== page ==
Virtual Communities as Commons: Case Study Of “Connect”
In a world increasingly networked with the help of information technology, where face-to-face communities are more and more supported by computer-mediated communication, and some communities exist solely in virtual space, the perennial social dilemma of cooperation has resurged, intriguing social researchers’ attention with new elements brought about by technological advances, such as software applications enabling simultaneous communication of community members through public and private channels, easy access to a variety of documents, anonymous messaging, forums for potentially unlimited number of members who may join or observe, and a number of other IT-enabled community-building tools. In this paper the authors discuss the cooperation problem in virtual communities through the case-study of “Connect”, an online community of Croatian scientists. Starting point of the analysis is the observation that cooperation in virtual communities may be encouraged by implementing technological solutions that provide users with incentives to cooperate. With this in mind, the authors inspect the compliance of “Connect” to a set of design principles of robust common-pool resource institutions elaborated by Elinor Ostrom. The study demonstrates that the “Connect” satisfies the majority of Ostrom’s principles, with some room for improvement, and fails to satisfy two of them, mainly due to non-existence of technical prerequisites and due to relatively small size of the community. The analysis lays ground for further work aimed at obtaining more prescriptive guidelines that would point to possible improvements in management of common pool resources in virtual communities. Classification-ACM-1998: K.4.3 Organisational Impacts – computer-supported collaborative work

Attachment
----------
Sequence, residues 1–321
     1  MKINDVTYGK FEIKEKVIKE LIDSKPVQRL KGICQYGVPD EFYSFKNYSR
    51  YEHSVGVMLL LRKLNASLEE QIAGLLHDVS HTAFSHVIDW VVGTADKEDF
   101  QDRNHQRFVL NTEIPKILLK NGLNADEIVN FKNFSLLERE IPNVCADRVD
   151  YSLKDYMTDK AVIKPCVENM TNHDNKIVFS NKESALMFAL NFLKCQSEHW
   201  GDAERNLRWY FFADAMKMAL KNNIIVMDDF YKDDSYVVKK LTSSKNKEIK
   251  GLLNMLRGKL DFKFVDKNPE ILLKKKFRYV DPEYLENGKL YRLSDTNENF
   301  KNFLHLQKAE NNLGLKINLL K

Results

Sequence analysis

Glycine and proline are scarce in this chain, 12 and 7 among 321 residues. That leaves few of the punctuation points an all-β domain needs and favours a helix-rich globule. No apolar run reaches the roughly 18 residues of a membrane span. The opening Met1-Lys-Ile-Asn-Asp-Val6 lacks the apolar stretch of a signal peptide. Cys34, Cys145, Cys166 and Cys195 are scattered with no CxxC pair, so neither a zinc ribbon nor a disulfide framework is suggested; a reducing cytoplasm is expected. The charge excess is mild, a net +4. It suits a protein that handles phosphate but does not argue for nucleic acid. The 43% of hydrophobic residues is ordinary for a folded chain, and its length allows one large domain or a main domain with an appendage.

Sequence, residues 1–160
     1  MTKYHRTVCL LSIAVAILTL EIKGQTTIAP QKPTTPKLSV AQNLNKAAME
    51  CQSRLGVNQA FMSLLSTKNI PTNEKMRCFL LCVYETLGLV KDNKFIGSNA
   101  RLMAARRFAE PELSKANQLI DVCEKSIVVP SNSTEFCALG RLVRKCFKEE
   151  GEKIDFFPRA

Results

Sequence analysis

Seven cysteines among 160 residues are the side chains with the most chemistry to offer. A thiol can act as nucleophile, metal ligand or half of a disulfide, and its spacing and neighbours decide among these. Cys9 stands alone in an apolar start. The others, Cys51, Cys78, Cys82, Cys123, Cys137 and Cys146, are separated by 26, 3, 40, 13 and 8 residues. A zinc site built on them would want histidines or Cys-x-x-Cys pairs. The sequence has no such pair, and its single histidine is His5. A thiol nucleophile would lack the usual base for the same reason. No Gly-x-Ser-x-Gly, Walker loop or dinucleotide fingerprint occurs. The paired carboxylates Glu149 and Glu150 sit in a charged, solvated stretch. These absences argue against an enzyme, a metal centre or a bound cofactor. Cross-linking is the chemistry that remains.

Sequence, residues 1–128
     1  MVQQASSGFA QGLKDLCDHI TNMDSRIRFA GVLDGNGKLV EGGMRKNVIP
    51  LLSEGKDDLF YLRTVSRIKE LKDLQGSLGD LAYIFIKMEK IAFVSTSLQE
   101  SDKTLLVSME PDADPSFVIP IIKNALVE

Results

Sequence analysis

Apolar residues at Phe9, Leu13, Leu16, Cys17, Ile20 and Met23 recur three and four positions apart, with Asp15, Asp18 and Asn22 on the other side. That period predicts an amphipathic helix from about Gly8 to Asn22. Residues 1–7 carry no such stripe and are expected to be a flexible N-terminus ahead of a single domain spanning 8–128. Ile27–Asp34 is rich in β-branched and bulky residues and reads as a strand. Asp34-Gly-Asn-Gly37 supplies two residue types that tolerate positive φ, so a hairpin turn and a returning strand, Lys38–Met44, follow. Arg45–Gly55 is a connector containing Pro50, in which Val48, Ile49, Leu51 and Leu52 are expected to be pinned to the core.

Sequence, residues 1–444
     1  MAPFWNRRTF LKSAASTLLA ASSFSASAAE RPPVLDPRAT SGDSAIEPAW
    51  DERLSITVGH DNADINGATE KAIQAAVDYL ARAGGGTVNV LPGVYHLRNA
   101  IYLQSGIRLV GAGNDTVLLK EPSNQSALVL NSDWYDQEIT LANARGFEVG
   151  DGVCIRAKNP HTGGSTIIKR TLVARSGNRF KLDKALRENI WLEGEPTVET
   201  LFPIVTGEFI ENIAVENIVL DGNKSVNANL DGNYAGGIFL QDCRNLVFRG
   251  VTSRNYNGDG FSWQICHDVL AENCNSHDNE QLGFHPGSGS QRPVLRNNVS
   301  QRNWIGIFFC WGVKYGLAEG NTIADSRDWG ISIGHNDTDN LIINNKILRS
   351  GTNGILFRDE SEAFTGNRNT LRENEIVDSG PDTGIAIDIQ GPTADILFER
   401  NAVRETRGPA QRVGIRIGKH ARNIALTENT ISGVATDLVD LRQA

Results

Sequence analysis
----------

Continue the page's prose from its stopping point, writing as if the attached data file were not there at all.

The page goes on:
Volume (Year): 6 (2008)
Issue (Month): 1 ()
|Contact details of provider:|| |
References listed on IDEAS
Please report citation or reference errors to , or , if you are the registered author of the cited work, log in to your RePEc Author Service profile, click on "citations" and make appropriate adjustments.:
- M. Ruth & K. Donaghy & P. Kirshen, 2006. "Introduction," Chapters, in: Regional Climate Change and Variability, chapter 1 Edward Elgar Publishing.
- Nikolay Nenovsky & S. Statev, 2006. "Introduction," Post-Print halshs-00260898, HAL.
When requesting a correction, please mention this item's handle: RePEc:zna:indecs:v:6:y:2008:i:1:p:37-52. See general information about how to correct material in RePEc.
For technical questions regarding this item, or to correct its authors, title, abstract, bibliographic or download information, contact: (Josip Stepanic)
If references are entirely missing, you can add them using this form.